February 2005 Cover
Gourmet Magazine (1940 to 2009) was an American food magazine. More than that, one could argue it was the most prestigious food magazine ever yet produced. In 2010, it was relaunched as a website at http://live.gourmet.com .
Gourmet Magazine treated food as a part of culture. Though it carried recipes, it was not a recipe magazine. (It was not until 1965, 25 years after it had been printing recipes, that Gourmet even set up its own test kitchens.) Instead, it was more of an "aspirational life-style" magazine, known for its long, leisurely articles of which food might be the focus, or, it might be just a pretext for the article, which veered off in other directions. They sold a fantasy; they sold you what you might create in your life, if only for one brief moment in early summer's dappled sunlight or mid-autumn's moonbeams on the bay.
"Gourmet was and long has been the market leader. It may not always have sold the most – though it regularly shifted over a million copies – but it always was the glossiest, the shiniest, the most indulgent. Gourmet was a magazine people collected. It was a habit." -- Jay Rayer 
Gourmet Magazine was launched December 1940 , at a less than auspicious time. Even a decent glass of wine with dinner was a challenge, to say the least. Nascent American wineries had been killed off by Prohibition; European market access was difficult owing to World War Two which had begun one year before. Americans were wondering how much longer they would be able to stay out of that war, and the Great Depression hadn't yet fully relaxed its grip on the country.
The magazine was the idea of Earle R. MacAusland (1891-1980). He conceived the magazine in his mind in the late 1930s and began putting the pieces for it together. He approached a Boston artist Samuel Chamberlain who agreed to be an out-of-house resource. Chamberlain was useful because he could both illustrate, and write well. MacAusland also recruited a professional chef, Louis Pullig de Gouy (who died in 1947.) Pearl Metzelthin was the first editor-in-chief.
The first issue appeared in December 1940 (dated January 1941). MacAusland was 50 years old at the time. That first issue was a mere 48 pages, with an illustration of a roasted boar's head on its cover. The main piece was on the food and wine of Burgundy. In fact, the early years of the magazine would focus on French cooking as well as eastern American food.
In 1941, Clementine Paddleford came onboard as a regular contributor. The "You Asked for It" column of recipes requested by readers started in 1944. The magazine started running serial narrative articles that became popular with readers. The covers were often by Henry Stahlhut.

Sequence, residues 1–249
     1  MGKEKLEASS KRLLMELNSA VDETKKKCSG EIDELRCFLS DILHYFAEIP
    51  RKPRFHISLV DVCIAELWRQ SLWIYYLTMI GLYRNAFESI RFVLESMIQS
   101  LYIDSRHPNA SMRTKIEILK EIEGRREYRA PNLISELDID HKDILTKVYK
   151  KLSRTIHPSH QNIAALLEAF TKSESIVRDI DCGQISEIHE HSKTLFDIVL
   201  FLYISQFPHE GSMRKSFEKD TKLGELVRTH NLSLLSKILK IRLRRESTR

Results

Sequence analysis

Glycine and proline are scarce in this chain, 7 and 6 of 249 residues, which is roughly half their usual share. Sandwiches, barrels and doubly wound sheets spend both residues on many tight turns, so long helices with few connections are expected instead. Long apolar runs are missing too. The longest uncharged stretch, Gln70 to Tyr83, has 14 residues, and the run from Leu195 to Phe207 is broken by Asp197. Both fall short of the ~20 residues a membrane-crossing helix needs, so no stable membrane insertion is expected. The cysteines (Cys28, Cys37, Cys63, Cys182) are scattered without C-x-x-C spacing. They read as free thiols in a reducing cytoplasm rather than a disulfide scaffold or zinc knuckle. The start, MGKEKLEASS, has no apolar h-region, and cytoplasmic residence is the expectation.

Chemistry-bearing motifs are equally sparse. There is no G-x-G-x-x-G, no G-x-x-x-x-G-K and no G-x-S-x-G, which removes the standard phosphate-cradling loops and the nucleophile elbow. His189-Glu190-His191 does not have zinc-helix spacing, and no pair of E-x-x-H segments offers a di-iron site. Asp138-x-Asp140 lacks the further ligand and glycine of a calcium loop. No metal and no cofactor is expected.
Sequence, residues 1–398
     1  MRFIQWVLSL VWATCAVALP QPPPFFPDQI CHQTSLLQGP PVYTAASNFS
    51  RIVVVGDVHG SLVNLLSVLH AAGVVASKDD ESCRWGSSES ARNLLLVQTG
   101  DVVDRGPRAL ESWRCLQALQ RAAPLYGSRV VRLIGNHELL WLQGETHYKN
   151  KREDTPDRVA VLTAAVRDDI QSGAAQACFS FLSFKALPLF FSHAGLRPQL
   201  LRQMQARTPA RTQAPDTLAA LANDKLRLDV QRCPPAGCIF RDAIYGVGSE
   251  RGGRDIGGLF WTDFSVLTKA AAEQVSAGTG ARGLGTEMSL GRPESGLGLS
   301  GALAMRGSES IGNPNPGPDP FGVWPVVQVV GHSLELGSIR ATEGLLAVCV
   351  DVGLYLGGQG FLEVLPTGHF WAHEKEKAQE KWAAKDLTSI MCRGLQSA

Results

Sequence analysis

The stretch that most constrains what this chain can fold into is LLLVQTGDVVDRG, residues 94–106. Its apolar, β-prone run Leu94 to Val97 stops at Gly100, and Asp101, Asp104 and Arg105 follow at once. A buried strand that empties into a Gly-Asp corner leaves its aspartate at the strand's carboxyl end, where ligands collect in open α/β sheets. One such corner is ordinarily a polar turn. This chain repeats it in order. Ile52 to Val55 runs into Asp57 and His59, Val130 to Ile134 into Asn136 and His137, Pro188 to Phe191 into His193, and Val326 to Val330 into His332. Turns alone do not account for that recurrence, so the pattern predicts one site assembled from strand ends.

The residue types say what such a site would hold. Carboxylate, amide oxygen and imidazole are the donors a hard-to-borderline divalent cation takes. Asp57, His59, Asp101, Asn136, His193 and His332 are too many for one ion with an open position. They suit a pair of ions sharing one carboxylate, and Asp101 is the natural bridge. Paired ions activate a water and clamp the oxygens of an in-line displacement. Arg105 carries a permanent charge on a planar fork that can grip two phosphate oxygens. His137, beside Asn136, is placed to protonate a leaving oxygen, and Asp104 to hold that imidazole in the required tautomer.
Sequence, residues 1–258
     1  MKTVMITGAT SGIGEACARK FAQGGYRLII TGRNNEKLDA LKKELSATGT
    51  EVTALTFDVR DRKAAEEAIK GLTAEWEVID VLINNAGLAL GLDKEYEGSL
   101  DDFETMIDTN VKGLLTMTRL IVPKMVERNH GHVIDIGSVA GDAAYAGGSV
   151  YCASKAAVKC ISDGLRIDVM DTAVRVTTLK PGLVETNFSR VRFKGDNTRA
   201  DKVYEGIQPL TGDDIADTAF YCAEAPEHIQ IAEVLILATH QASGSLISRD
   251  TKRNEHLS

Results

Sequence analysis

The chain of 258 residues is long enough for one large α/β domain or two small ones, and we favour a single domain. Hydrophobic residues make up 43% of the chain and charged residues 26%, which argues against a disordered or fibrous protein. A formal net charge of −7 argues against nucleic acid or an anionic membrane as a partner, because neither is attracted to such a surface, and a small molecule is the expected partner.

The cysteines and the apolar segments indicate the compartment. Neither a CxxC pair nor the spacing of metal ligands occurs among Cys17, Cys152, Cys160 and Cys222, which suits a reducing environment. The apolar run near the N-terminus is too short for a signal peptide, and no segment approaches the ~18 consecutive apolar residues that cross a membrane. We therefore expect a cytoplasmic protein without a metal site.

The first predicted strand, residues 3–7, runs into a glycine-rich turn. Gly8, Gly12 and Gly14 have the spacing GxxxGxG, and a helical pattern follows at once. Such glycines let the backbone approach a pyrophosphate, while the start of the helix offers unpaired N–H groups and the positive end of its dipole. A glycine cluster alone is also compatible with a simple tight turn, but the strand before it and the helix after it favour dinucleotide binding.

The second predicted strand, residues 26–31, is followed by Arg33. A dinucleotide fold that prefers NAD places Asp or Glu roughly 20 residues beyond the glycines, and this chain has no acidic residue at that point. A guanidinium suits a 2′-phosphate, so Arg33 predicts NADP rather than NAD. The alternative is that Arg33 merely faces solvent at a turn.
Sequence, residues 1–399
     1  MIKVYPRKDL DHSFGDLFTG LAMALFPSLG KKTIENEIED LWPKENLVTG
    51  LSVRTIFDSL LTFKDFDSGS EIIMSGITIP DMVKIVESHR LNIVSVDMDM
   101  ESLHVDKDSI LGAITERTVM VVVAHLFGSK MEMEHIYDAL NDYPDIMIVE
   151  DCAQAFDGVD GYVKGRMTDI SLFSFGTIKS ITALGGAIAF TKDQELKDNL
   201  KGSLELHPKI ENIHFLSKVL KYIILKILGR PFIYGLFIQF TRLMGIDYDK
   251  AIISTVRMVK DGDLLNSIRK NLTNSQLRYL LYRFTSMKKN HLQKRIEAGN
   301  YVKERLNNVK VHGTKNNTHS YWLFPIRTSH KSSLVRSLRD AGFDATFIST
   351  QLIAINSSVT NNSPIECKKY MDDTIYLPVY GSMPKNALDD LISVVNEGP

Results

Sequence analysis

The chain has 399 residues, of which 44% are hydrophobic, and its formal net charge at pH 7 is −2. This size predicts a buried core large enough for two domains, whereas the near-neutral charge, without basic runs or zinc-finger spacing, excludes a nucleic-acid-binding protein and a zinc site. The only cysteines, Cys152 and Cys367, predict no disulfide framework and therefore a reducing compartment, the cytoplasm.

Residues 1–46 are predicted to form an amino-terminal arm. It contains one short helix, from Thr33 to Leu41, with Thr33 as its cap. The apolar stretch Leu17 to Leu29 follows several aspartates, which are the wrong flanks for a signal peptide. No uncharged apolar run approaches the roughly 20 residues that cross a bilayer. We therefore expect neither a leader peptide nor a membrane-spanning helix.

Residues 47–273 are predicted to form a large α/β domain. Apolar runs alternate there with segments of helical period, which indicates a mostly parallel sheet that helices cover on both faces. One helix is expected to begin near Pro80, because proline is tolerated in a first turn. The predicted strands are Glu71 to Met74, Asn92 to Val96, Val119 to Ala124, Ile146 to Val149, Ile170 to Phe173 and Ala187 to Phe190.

From 1945 to 1965, Gourmet's offices were in The Plaza hotel in New York.
When the chef de Gouy died in 1947, Louis Diat (1885-1957) of The Ritz-Carlton in New York became the in-house chef. Diat laid claim to having invented Vichyssoise.
James Beard (1903 - 1985) was an associate-editor editor in the late 1940s. He left after a failing out with Earle MacAusland in 1950.
In the 1950s, the magazine started to become well known for two things -- its romantic treatment of food, and overly-elaborate recipes that required ten kitchen helpers and ingredients no one could get in America. Also in the 1950s, the magazine began to tie food with travel, by anchoring food in its locale in minute detail, resonating with the number of Americans who had been to Europe during the war or who could now afford to get there at least once in a lifetime.
By the end of the 1960s, the magazine had collected a group of writers with specialist, even academic, expertise on certain topics, rather than the all-purpose writers it had relied on before. In 1969, James Beard returned to the magazine, despite his volatile temper.
In the 1970s, there was further emphasis on specialized items such as short-grain rice or fresh coriander, but at least those things were available in stores now.
Nouvelle cuisine pushed its way onto the pages, and Caroline Bates started her American west coast pieces for the Spécialités de la Maison column, focussing on what was happening food-wise in California -- a signal that New York was no longer the be-all and end-all for food.
In 1975, the magazine heralded the advent of food processors.
By the end of the 1980s, Gourmet tried to catch up to life around them by offering simplified menus and shorter articles because while people liked to read about good food, even Gourmet readers had less time to spend at it. The magazine started to introduce recipes that could actually be made on week-day evenings -- though still, you had to plan to do nothing else that evening. One page travel pieces were introduced.
Loyal readers blamed the magazine's eventual demise on Reichl. Some embittered readers even said the magazine got what it deserved, as it had got too out of touch in every way. Some readers felt that the changes in the 2000s made the magazine too pedestrian, and run-of-the mill; that the magazine was actually educational up until the 2000s, after which it became more style than substance, and more about beautiful people than food. One of the final issues, in September 2009, had fashion models cooking in the Hamptons.
"It was really an unconscionable act," says Caroline [Bates]. "There was no sense of history of this magazine."
In the second half of 2009, the McKinsey & Co. consulting company helped Condé Nast (owned by S.I. Newhouse Jr at the time) identify which of its magazines to kill. The food magazine recommended to go was Gourmet, and that was that. The last issue was November 2009. It does not look like a last issue, because it was prepared the month before when Gourmet's employees had no idea that the sudden-death end was weeks away. The 2010 issues for January, February and March were already planned, even to the point that food was being photographed for them. [Clifford, Stephanie. Ruth Reichl Speaks About Closing of Gourmet. New York Times. 6 October 2009.]